As the nature crisis worsens, momentum is building behind a shift to a nature-positive future. Investors, consumers and other stakeholders are demanding increased transparency. Central banks and financial supervisors are increasingly concerned about systemic financial risks.
Policy and regulation are also evolving at pace, such as the global commitments under the Kunming-Montreal Global Biodiversity Framework (GBF), the EU Deforestation-free Products Regulation, the EU Corporate Sustainability Reporting Directive, and biodiversity net gain requirements under the Environment Act 2021. These policy changes reflect growing stakeholder concern, and create elevated transition risks.
Nature is a material consideration with far reaching financial consequences, impacting supply chains, entire sectors and stability in the wider financial system. But with every crisis comes opportunity; mobilising business innovation and finance to reverse nature loss will be a major source of new market opportunities and competitive advantage.
While the case for action is clear, business and finance organisations today do not have the information they need to understand the risks and opportunities for their organisation that result from their impacts and dependencies on nature.
What is the TNFD?
The TNFD was established in 2021 to fill this critical information gap as a global, market-led, science-based and government-endorsed initiative. Its recommendations and guidance are designed to help organisations report and act on evolving nature-related issues, with the ultimate aim of supporting a shift in global financial flows away from nature-negative outcomes and toward nature-positive ones.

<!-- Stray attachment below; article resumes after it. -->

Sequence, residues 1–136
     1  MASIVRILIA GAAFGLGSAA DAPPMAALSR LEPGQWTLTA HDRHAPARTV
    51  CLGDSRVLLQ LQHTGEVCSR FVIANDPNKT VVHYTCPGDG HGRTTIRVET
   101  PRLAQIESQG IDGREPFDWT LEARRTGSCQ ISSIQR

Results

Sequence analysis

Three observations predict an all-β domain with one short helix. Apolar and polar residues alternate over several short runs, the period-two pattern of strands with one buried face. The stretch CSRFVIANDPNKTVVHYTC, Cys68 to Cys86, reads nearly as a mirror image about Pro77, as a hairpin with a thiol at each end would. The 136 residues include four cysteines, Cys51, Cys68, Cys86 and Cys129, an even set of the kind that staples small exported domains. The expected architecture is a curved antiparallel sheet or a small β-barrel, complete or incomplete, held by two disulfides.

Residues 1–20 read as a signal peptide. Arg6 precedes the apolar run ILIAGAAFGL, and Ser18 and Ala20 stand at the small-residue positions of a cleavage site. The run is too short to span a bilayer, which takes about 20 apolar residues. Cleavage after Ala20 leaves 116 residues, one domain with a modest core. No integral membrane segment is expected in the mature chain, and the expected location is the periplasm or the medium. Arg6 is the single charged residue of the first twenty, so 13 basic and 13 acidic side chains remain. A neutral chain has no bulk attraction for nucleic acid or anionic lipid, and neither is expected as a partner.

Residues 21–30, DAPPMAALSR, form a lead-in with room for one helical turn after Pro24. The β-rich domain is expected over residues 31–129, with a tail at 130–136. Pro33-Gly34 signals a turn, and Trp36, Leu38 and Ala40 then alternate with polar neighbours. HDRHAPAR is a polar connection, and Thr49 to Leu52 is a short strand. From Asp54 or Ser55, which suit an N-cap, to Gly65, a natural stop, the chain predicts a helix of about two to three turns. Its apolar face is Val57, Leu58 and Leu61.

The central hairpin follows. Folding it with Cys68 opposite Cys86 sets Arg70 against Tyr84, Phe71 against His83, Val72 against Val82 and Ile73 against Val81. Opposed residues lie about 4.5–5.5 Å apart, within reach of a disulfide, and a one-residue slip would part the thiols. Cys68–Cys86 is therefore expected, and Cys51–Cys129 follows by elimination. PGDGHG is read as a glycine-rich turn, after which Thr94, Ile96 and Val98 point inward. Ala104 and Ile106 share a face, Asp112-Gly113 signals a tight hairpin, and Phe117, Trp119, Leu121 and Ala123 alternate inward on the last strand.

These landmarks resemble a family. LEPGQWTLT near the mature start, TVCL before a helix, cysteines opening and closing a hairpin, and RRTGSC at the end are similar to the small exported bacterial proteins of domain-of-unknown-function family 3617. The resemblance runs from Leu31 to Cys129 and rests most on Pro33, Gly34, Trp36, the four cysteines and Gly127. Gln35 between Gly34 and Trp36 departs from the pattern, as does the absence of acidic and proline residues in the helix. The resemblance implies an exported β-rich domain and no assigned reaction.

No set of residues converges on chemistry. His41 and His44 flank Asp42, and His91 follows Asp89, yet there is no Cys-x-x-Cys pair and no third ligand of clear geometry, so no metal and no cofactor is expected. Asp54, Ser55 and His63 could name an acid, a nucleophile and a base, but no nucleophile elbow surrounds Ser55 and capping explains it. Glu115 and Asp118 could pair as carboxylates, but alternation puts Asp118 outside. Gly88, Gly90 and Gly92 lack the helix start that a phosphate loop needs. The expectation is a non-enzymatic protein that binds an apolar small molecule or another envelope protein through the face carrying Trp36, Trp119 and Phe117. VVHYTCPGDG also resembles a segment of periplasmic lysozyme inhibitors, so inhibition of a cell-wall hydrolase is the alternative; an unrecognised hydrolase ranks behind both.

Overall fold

The Taskforce itself consists of 40 senior executives from financial institutions, corporates and market service providers with a market capitalisation of over US$2.3trn, and more than US$20.6trn in assets under management.
The TNFD has called for companies and finance institutions to adopt the TNFD recommendations now on a voluntary basis, while in parallel it will continue to inform ongoing development of global reporting standards (such as the work of the ISSB) and regulation.
Risk brings opportunity
While the TNFD’s recommendations are voluntary, the prevailing view is that regulation is coming. Many countries have already indicated intent to do so ahead of the Target 15 deadline of 2030.
TNFD is also expected to be translated into global reporting standards far faster than TCFD. ISSB and GRI have both welcomed the TNFD’s consistency with evolving standards.
Besides getting ahead of regulation, implementing the TNFD framework now will enable companies to start to incorporate nature-related issues into their strategic planning, risk management and asset allocation decisions, unlocking opportunities to build enterprise value and resilience.
For investors and other capital providers, getting started on TNFD will help them to better manage the nature-related risks associated with their portfolios and shift capital flows to more positive outcomes for nature and society.
As we will cover in a subsequent article, it may be easier to get started with TNFD than you think.